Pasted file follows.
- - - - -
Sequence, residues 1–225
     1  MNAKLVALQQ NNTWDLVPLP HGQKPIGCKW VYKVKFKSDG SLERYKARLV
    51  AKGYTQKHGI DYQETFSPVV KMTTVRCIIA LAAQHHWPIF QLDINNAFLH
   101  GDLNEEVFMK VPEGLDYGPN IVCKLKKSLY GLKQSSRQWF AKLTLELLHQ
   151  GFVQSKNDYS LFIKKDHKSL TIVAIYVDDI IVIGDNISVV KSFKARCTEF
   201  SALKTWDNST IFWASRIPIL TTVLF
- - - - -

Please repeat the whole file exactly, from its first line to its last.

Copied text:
Sequence, residues 1–225
     1  MNAKLVALQQ NNTWDLVPLP HGQKPIGCKW VYKVKFKSDG SLERYKARLV
    51  AKGYTQKHGI DYQETFSPVV KMTTVRCIIA LAAQHHWPIF QLDINNAFLH
   101  GDLNEEVFMK VPEGLDYGPN IVCKLKKSLY GLKQSSRQWF AKLTLELLHQ
   151  GFVQSKNDYS LFIKKDHKSL TIVAIYVDDI IVIGDNISVV KSFKARCTEF
   201  SALKTWDNST IFWASRIPIL TTVLF